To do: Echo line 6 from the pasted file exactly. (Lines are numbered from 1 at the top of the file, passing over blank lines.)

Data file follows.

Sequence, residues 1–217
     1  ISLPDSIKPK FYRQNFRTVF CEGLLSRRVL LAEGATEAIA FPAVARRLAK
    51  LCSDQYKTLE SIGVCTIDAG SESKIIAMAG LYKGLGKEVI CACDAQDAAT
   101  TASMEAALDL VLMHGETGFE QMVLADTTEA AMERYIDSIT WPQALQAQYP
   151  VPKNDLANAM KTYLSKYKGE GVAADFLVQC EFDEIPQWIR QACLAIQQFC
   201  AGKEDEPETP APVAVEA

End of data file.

   201  AGKEDEPETP APVAVEA